I recently picked up a copy of Corinne Mucha’s Buzz #3, which features a cover filled with an image of a blood red, stamped (or screen printed?) image of a fly. There is something sad and imperfect and very human about a hand-painted comic book, but there is also something moving about a newsstand comic with ragged or uncut pages, faulty color schemes, and brown, curling pages. Maybe these were the features that appealed so much to the pop artists of the 1960s when they were imitating or copying panels from old action and romance comics?

    I also like comics in which there are only slight variations in the colors of the ink, like John Porcellino’s Perfect Example, which shifts from a sepia-toned opening sequence to a grey, almost green shade for the middle of the book, then back to the brown again at the end. Maybe there’s a trace memory of childhood working here–that desire to color all those blank spaces in between the lines!

  2. And regarding issues of race, color, and visual arts, I’ve been thinking a lot about the palette Steve McQueen uses in 12 Years a Slave. Even though he succeeds in capturing the feel and the texture of a 19th-century narrative, the movie looks strikingly similar in its color scheme to his last film, Shame–a modern, urban narrative, in contrast to the largely rural settings of 12 Years. The movie seems to contain two parallel narratives–the visual field (McQueen’s imagery) and then the verbal field (Northup’s original text), which finally meet in that haunting image of Northup’s letter burning into ash and then into darkness…almost as if the film itself cannot contain the light and color of the original text or of Northup’s lived experiences.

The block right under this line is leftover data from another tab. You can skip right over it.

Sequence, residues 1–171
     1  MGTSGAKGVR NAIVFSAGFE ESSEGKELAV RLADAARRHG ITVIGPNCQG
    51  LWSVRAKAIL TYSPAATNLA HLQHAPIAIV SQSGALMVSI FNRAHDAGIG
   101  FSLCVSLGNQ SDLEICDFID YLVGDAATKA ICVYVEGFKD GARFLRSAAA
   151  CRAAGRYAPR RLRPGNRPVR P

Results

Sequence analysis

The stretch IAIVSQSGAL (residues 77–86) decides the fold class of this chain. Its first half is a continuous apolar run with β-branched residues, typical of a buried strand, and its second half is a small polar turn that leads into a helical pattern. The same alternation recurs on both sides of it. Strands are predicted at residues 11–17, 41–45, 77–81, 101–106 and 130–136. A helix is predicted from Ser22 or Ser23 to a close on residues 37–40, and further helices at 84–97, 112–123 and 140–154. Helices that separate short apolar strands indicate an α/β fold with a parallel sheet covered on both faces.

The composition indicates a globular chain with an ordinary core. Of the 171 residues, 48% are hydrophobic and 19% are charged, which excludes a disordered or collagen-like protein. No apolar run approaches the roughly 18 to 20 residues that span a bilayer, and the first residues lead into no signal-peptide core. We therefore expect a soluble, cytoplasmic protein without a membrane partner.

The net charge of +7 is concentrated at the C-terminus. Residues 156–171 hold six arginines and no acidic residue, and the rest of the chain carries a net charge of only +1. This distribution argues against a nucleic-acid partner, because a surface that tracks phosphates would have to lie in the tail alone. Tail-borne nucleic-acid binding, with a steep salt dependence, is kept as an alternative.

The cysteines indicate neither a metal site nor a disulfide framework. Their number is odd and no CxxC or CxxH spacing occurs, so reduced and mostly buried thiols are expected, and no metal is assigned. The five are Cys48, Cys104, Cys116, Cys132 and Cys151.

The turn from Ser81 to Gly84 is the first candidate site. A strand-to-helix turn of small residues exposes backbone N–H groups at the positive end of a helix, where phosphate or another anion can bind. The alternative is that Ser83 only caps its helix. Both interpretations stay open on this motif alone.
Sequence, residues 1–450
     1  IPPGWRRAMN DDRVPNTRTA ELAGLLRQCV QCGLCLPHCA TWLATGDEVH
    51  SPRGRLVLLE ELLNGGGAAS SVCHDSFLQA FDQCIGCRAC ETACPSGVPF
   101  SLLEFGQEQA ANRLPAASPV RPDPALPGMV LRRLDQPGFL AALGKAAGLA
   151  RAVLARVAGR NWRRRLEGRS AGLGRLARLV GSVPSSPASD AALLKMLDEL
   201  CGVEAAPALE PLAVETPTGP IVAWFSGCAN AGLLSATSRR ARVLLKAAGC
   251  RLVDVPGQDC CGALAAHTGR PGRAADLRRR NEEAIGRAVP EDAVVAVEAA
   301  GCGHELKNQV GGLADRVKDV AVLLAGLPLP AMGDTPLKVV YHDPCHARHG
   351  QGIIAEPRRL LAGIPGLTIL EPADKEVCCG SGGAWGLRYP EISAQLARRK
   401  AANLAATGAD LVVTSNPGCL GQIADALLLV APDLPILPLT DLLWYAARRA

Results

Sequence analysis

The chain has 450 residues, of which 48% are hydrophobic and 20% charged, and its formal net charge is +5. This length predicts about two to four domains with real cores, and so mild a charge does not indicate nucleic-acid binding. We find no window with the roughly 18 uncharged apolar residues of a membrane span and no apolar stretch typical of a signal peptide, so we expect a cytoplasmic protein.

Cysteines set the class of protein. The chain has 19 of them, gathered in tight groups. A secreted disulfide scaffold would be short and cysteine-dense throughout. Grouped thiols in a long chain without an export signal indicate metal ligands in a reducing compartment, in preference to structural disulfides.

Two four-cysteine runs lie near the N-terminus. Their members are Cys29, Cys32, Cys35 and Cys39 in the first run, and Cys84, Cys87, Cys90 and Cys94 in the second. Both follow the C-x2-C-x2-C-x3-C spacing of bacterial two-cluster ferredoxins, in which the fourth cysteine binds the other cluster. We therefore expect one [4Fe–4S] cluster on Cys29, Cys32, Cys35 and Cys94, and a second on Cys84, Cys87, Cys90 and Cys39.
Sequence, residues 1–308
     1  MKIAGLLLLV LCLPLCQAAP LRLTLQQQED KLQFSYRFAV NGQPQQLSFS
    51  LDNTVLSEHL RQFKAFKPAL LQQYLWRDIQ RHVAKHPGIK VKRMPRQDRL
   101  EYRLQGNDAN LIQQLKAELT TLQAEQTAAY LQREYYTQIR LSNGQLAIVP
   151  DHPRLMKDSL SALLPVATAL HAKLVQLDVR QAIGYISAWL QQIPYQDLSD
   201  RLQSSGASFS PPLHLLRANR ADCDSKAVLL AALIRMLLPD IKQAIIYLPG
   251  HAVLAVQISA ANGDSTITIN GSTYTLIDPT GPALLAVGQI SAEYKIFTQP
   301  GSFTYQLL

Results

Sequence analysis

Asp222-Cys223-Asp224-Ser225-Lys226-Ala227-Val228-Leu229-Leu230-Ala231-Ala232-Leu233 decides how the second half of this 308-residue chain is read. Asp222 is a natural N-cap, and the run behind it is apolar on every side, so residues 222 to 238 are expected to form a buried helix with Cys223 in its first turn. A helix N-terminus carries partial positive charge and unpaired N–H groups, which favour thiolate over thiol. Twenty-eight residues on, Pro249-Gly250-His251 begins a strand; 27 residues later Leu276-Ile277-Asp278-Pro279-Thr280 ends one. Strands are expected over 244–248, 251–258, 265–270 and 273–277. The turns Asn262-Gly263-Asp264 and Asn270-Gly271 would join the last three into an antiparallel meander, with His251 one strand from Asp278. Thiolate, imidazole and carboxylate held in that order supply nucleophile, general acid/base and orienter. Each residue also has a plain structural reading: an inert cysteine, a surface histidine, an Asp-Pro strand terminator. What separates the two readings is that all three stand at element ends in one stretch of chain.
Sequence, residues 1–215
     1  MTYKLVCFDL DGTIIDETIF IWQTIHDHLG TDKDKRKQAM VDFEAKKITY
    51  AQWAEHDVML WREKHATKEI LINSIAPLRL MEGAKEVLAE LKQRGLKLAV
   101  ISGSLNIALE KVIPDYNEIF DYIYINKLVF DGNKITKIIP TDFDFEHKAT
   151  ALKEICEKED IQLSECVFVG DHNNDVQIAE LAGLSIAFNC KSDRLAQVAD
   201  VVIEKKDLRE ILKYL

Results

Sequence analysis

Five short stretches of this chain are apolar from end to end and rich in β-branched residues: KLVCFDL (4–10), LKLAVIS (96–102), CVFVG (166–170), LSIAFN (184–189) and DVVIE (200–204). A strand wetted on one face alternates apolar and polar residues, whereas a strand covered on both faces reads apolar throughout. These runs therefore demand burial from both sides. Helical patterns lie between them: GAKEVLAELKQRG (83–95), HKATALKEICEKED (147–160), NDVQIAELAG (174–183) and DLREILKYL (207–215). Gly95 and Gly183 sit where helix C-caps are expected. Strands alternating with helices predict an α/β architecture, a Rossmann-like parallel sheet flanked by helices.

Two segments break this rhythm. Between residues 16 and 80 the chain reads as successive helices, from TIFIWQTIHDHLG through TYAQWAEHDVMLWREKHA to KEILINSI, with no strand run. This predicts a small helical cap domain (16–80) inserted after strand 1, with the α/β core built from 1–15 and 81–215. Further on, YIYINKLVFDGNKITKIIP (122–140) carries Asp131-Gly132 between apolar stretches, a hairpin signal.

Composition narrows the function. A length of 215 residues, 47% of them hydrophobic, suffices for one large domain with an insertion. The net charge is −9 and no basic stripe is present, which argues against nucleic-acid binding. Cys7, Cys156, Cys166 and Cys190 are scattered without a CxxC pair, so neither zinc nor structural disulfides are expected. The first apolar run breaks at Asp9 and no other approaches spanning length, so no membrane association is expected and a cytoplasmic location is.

Anyway, we’ll need to talk more about all of this in Columbus!

  3. roytcook says:


    Great post! I also have been thinking a bit about color in comics. It is nice to see someone take it a bit further than the standard, and rather trite, “superheroes are in primary colors, supervillians in secondary colors” observation.

    There is an example that you might be interested in, if only because it is so weird. It doesn’t quite have to do with color, but does address some related but broader issues brought up in Brian’s response, with regard to the ‘hand’ of the artist (or whole body, in this case) being evident in the art:

    After his untimely death, and per his wishes, Mark Gruenwald’s ashes were mixed in with the black ink for the printing of the first edition of the Squadron Surpreme trade paperback.

    Pretty weird, huh?

  4. Seriously, Roy?!? I guess it isn’t so strange given that comics was his life’s work… I hope that Squadron Supreme was worthy of the act.

    Brian, I am incredibly fascinated by your reference to the “grain of the voice” and have already gotten a copy of Barthes’ essay. Thank you for this! (And I’m with you in preferring to see the imperfections, unlike so many of the digitally-colored mainstream comics today.)

    See you both at OSU next week!

    • I’d forgotten about that edition of Squadron Supreme…!

      Actually, didn’t the members of Kiss also donate some vials of blood to the printing of the Marvel Comics special published in the 70s? I dimly recall seeing promotional footage of the four of them, in full make-up and costumes, pouring the vials into a vat of printer’s ink. But maybe I dreamed that!

      Hope you enjoy the Barthes essay, Qiana. I first stumbled across it after reading references to it in Charles Shaar Murray’s excellent John Lee Hooker bio.

      Looks like I’ll be listening to Kiss and some John Lee as I grade papers this morning…